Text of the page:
NEW YORK ( MainStreet) — The site Retailfetish.com appears to have been abandoned, remaining silent to all requests to speak through either social media or e-mail. It offered a service that promised to condense a handful of flash sale e-mails into one so its users wouldn't have to wade through a multitude of spam ad nauseam to find the deals they really wanted.

"Flash deals sites can be a very effective of locating deals," says David McGoldrick, a U.S. analyst with market intelligence firm Euromonitor International, "but require consumers to constantly check various sites to see what is available."

Perhaps the inactivity of Retailfetish.com is simply the signal of a bigger trend: a relatively new flash sale market already out sick.

If you want to understand what a flash sale is, think of Groupon or Living Social-type deals for clothing and accessories, flashes in the pan for the world of retail lasting between an hour and a few days. The idea is that these rock-bottom limited time deals could help consumers acquire the goods they're looking for at a killer price.

However, these sorts of bargains are not likely to work in a consumer's best interest, says McGoldrick.

"Flash deals sites promote impulse purchases because of their fleeting nature," he says. "Consumers often purchase things that they would not have otherwise seen or purchased."

Those seeking to benefit from flash sales and other limited clothing bargains should first make a list of the apparel they're looking to purchase soon. With that list in mind, consumers can be sure they'll gravitate toward discounts for things they actually need.

Apparel Sales Trends

The flash sale market had a rough 2013 as the Wall Street Journal recently reported:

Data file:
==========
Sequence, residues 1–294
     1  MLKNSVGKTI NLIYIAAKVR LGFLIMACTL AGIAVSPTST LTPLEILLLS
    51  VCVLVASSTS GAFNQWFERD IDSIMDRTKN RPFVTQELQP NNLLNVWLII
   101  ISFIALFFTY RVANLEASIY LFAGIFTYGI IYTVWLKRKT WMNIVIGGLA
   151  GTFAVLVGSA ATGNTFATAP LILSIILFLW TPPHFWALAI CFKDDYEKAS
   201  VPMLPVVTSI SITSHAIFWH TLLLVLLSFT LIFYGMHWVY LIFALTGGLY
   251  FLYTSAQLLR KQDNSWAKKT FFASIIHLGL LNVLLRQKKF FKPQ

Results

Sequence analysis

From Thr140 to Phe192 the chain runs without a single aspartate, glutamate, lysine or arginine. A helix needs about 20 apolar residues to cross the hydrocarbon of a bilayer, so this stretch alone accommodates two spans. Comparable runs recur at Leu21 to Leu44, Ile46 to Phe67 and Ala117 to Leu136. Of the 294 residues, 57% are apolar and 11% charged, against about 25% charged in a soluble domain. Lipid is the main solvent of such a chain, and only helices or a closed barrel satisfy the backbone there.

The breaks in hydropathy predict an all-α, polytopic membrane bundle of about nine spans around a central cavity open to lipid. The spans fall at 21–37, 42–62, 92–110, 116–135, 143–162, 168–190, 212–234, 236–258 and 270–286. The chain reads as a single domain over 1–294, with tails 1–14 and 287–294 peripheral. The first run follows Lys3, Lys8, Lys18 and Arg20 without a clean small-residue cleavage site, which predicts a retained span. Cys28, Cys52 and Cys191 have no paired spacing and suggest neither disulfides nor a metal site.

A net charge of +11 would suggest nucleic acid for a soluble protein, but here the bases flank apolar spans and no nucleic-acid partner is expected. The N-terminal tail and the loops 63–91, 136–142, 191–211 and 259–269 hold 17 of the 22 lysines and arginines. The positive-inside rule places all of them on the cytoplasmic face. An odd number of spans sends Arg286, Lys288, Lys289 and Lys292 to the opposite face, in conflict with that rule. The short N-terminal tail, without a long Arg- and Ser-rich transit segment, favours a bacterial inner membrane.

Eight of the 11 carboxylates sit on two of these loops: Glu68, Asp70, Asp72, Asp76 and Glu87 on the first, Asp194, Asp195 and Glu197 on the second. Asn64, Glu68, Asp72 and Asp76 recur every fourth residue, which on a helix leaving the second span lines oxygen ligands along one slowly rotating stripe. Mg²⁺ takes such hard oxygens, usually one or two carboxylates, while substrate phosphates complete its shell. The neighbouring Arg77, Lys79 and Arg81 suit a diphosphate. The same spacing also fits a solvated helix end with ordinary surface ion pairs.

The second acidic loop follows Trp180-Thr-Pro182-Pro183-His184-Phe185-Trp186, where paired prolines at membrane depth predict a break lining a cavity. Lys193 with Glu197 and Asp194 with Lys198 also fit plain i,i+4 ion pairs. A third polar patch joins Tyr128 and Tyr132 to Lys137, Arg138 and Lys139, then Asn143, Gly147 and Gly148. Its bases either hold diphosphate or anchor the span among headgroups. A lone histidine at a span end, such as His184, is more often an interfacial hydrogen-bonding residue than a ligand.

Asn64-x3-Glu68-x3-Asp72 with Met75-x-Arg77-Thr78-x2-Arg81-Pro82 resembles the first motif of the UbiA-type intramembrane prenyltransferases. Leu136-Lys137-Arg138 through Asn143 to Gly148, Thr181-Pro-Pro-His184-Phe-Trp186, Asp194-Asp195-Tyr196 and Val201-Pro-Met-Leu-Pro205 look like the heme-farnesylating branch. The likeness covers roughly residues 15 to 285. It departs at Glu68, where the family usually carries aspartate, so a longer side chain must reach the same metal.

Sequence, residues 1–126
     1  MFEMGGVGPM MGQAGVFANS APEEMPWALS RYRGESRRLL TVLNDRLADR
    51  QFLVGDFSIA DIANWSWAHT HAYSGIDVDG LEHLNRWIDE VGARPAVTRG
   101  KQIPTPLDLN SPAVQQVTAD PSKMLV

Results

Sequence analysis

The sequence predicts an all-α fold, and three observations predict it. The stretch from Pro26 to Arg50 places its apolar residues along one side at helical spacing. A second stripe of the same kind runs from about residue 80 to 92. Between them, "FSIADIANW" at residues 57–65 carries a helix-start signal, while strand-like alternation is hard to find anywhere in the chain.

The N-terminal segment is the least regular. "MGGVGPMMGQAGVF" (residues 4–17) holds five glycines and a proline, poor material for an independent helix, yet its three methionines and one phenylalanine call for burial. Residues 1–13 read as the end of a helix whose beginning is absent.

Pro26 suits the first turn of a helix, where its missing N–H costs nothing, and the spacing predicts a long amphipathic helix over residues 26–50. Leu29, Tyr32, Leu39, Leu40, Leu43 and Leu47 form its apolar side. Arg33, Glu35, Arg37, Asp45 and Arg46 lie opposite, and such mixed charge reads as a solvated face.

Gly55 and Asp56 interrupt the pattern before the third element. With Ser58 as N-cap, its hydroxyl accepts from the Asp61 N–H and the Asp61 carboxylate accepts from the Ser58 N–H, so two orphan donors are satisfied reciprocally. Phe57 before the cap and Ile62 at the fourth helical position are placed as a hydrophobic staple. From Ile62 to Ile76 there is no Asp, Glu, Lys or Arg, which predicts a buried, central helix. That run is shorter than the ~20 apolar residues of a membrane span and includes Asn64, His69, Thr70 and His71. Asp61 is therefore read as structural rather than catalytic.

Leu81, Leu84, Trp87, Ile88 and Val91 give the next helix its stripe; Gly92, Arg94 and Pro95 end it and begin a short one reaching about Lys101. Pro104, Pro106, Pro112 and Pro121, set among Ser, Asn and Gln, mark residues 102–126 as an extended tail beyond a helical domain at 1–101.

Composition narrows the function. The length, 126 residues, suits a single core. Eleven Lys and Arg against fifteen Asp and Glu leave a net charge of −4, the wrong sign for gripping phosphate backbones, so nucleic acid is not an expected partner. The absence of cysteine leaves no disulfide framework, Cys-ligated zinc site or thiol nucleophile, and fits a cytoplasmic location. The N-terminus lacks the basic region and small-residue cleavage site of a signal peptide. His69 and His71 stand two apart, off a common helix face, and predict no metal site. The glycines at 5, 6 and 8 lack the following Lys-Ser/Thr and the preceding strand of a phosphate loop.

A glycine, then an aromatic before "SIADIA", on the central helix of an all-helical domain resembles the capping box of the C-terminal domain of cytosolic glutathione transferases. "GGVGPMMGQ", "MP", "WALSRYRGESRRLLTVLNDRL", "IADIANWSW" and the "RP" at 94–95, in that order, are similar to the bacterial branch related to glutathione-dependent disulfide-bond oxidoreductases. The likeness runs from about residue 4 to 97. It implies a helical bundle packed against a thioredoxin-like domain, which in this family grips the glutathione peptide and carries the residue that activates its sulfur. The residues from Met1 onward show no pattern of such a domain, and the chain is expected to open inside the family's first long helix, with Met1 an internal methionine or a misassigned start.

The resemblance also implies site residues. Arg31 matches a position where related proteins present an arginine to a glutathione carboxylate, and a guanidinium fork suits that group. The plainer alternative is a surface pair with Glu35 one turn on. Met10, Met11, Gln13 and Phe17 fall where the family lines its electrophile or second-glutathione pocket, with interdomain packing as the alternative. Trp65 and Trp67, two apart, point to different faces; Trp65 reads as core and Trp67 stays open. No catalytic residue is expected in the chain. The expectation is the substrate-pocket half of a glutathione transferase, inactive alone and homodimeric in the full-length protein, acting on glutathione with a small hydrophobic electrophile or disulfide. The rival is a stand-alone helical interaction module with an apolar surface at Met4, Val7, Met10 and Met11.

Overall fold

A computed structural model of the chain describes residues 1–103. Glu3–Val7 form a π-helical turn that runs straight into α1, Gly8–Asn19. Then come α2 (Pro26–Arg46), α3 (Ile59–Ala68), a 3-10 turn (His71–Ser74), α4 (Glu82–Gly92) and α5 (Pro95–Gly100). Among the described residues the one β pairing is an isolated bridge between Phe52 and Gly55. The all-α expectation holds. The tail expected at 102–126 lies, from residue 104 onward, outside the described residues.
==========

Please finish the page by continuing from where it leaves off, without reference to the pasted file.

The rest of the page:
"In a sign that consumers are growing wary of the industry, one study found shoppers' complaints to be widespread: Forty-four percent of comments on flash-sale Facebook pages were negative earlier this year, according to findings released in May by Dotcom Distribution, which provides fulfillment services, including serving as a warehouse, for companies that sell products via e-commerce. Just 29% were positive. Meanwhile, a look at the unique desktop visitors of 10 popular flash sale sites (data supplied by comScore, an analytics firm that tracks consumer behavior) reveals that they declined for all but three of them in October compared with a year prior."

Virtually all flash sale sites have suffered. Rue La La and Gilt Groupe have had to restructure and lay off employees. Fab laid off the most, seeing out somewhere over 300 employees, reports the Verge's Ben Popper, who also says the leadership failings of CEO Jason Goldberg had much to do with its downturn:

"When Goldberg was making the decision to let go of staffers in Europe, his executive team begged him to review the American side of the business and make all the cuts at once, say sources, but he declined. The result was that staffers who moved from America to Europe were asked to move back home. They were assured at the time that their jobs would be safe. They arrived in New York, only to be laid off themselves a few months later. 'It was absolutely crushing to morale,' says a developer still with the company."